The new “top-up” provision incorporated into the newly Gazetted Mining Charter may prove to be unconstitutional and will likely lead to further legal action by the industry.

The latest Mining Charter, which was Gazetted today (15 June 2017), has raised the targets of black ownership of a mining company to 30% and has excluded the concept of ‘once empowered always empowered’, which many in the industry argued was incorporated in the 2010 Mining Charter.

Instead, it introduced a new, controversial “top-up” provision, in which mining companies will not only have to ensure their corporate structures include black entrepreneurs, employees and communities, but they will also have to re-empower their corporate structures as and when black shareholders sell their stake in the company.

The mining industry has been at odds with the government, arguing that previous BEE deals should be included in the ownership calculation. Government remains of the view that such transactions should not be included, meaning that companies are then obliged to top-up the BEE portion which usually comes at a discount, if not free carry.

It is highly arguable that this new top-up provision is unconstitutional as it attempts to impose retrospective obligations on already existing mining right holders. There are general presumptions against interpretations that favour retrospective application. People should be able to conduct their affairs knowing what the law is at that given time and not be unfairly prejudiced down the line due to changes to the legislation.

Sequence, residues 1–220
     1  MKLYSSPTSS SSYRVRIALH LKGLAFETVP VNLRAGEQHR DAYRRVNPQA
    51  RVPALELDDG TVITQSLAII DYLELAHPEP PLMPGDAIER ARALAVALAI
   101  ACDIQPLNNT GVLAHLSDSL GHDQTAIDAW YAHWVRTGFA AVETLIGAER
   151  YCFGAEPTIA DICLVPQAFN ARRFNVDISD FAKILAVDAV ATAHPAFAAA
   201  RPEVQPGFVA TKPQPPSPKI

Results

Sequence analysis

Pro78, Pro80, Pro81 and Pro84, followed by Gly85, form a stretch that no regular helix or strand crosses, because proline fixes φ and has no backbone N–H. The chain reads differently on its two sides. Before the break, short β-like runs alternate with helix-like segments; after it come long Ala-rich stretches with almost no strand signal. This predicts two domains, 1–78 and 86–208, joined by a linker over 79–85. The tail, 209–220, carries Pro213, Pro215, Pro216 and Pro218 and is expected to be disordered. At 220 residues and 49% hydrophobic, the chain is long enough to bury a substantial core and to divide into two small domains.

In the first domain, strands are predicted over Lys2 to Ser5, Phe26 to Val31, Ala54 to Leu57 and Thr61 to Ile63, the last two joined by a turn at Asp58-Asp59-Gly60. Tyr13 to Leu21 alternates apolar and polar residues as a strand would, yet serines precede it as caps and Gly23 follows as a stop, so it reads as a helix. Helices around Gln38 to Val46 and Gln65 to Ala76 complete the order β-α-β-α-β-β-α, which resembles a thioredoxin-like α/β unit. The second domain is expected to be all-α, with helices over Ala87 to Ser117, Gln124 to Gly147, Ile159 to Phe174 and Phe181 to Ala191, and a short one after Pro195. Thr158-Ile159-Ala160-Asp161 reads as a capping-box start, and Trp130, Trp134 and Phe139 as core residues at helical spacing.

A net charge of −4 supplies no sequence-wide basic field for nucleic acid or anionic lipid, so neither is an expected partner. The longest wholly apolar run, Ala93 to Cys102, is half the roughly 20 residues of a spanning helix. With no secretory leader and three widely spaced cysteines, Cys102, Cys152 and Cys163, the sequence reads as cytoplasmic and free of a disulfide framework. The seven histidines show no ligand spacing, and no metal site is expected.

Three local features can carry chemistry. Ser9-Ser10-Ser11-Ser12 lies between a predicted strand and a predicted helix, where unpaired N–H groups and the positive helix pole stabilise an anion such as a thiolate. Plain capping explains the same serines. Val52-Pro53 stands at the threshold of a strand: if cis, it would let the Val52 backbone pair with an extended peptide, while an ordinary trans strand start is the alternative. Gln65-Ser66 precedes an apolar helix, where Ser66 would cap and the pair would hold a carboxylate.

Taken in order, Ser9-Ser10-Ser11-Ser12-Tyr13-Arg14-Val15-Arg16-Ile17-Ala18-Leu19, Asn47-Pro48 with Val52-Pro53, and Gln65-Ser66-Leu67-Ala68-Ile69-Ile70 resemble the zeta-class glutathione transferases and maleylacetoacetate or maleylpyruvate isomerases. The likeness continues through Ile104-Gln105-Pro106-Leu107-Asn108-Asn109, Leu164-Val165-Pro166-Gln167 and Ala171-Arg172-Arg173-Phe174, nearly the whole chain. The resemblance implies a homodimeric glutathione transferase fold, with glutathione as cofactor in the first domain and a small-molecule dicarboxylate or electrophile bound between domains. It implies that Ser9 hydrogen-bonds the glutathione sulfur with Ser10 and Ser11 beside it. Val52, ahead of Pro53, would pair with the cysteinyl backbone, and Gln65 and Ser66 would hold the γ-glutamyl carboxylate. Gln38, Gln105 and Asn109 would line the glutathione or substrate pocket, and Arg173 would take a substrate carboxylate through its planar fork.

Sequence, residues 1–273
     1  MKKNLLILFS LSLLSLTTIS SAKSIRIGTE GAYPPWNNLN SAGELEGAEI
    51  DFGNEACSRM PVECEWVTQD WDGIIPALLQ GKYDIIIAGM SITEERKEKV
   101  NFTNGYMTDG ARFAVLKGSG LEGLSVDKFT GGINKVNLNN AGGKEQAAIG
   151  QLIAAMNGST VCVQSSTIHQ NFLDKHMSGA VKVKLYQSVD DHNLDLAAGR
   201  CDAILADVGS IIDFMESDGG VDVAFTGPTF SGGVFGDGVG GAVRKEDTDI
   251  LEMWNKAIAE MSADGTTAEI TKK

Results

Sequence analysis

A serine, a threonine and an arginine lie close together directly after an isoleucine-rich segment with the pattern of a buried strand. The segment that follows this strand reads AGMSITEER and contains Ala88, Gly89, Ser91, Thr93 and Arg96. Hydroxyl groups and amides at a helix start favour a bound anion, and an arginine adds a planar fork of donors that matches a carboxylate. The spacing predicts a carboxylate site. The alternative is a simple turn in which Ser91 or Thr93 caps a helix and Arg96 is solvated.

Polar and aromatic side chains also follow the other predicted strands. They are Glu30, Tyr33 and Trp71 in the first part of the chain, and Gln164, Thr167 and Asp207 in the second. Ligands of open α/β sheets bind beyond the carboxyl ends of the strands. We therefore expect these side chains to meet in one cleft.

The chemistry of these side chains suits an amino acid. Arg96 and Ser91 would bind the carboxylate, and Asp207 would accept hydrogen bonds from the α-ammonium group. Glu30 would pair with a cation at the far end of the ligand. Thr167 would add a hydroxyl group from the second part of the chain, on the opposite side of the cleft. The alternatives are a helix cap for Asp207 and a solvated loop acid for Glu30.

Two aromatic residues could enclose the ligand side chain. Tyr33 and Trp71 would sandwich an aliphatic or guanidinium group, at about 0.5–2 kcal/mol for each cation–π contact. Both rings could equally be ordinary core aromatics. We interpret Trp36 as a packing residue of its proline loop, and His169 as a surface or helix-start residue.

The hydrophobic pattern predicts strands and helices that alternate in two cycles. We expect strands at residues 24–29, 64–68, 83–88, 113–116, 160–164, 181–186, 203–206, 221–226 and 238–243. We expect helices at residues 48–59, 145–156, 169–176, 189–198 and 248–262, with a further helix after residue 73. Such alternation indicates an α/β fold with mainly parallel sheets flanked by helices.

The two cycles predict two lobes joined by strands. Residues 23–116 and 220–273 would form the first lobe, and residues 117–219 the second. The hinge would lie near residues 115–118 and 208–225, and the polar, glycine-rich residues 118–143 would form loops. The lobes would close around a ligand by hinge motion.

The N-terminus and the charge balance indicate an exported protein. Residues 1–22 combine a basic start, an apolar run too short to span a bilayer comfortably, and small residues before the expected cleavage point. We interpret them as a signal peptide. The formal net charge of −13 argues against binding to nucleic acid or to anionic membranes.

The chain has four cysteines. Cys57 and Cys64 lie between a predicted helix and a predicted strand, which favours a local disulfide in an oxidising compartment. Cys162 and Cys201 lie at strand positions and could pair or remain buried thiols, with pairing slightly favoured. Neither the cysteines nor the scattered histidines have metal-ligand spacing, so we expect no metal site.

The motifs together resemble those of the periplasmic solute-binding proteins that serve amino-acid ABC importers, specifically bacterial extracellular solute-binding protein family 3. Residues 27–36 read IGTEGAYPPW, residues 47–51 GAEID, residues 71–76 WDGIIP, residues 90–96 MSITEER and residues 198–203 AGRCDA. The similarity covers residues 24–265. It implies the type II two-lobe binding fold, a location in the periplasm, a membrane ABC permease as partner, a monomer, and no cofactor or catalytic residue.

In other words, where mining right holders have been granted mining rights in terms of the current provisions of the Mineral and Petroleum Resources Development Act (MPRDA), additional obligations cannot be retrospectively imposed on them. The Charter, together with the latest Mining Charter redraft, remains a non-binding policy guideline and cannot be elevated to sub-ordinate legislation that obliges a mining right holder to maintain a specific Black ownership level.

Even if the Minerals and Petroleum Resources Development Act (MPRDA) was amended to incorporate reference to the Charter -- which appears to be the direction government is taking -- the argument that the retrospective nature of the impact of the amendments would be unconstitutional still stands.

The practical difficulties of the top-up provisions have also not been adequately considered by government. In particular, if one looks at listed companies, the whole purpose of this legal entity is that the shares of such company can be freely traded on a regulated securities exchange. As such, it may be practically and legally difficult to implement policing mechanism to ensure the black ownership shareholding does not drop below the specified level on a freely traded exchange.